Your business plan maps out your vision and objectives for your business. It will keep you on track and on target and it needs to change as your targets and ambitions change.

Rapid expansion

A focus on slow and steady growth is best but often a rapid expansion can seem the only way to cope with sales.

An ideal situation is to wait until your company has established a solid customer base and a good cash flow, before you push on with major growth.

This will give you stability and will ensure you have the right systems and people in place to succeed. It will also help with re-financing, attracting investors or applying for funding, should you need to.

Must-haves

Must-haves for success are a good business plan, a marketable product or service and boundless enthusiasm.

When things get tough remind yourself why you started your business and use your business plan to stay on track.

Keep going. Keep smiling and remember, you’re not alone.

How do you create a buzz about your company or product? Create some great content!

Compelling, quality content is a major factor in determining how well your website will perform. Great content can increase your website’s ranking in search engine results and promote engagement with website visitors.

However, content creation can be time-consuming and not everyone is able to turn their hand to writing for the web. Sometimes company owners can be too close to their product or service to be objective so a good solution could be to engage a copywriter.

A copywriter will give you an outsider’s perspective; this can be very beneficial, as people within the company tend to make assumptions about what is and isn’t common knowledge to their audience. Outsourced copywriters can anticipate the questions customers will ask and provide answers written in a way that they will understand.

Copywriters get to know you, as well as your competitors. They are skilled in scoping out your company’s products/services strengths and weaknesses and recognising what works to develop an industry-specific approach. They also know the value of good grammar and when it comes to website content, grammar and spelling matters. Errors and misspellings can discredit your business and its message.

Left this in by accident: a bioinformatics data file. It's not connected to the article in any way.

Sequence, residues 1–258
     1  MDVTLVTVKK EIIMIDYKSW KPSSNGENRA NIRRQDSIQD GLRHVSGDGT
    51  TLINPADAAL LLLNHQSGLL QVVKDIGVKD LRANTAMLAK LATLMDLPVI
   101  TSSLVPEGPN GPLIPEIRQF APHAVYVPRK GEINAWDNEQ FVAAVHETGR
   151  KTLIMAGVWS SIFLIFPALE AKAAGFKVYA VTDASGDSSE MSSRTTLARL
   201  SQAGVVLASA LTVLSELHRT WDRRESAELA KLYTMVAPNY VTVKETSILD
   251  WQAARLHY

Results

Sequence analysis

So professional copywriters can save you time (and therefore money) as they turn around highly effective copy very quickly. Once briefed they can get on with the task of creating great web content, blogs and other promotional material.

To enable copywriters to do the best job, it’s important for you to have a good, honest relationship with them. How well you work together is part and parcel of producing the best copy. Briefing and building a relationship with a copywriter is essential but how do you go about this for the first time?

Here are 7 simple steps to keep you focused when briefing your copywriter:

  1. SCOPE - give a big picture of your sector, your type of business and the project you are about to undertake and how it fits with any other marketing you are doing.
  2. PLATFORM - be clear what the copy is for: website, blog, brochure, advertorial, flyer…
  3. AIM - what do you want your copy to achieve and why?
  4. USP's - what is the unique selling point of your marketing?
  5. TIMESCALE - when do you want the finished copy delivered?
  6. AUDIENCE - who is the audience for the copy – who will read it?
  7. STYLE - drill down to your brand's style and tone. How do you want to come across – professional, straightforward, friendly, welcoming etc? If you don't already have an 'in-house' style, look at other companies' website/brochures to get an idea of what you like and give your copywriter examples.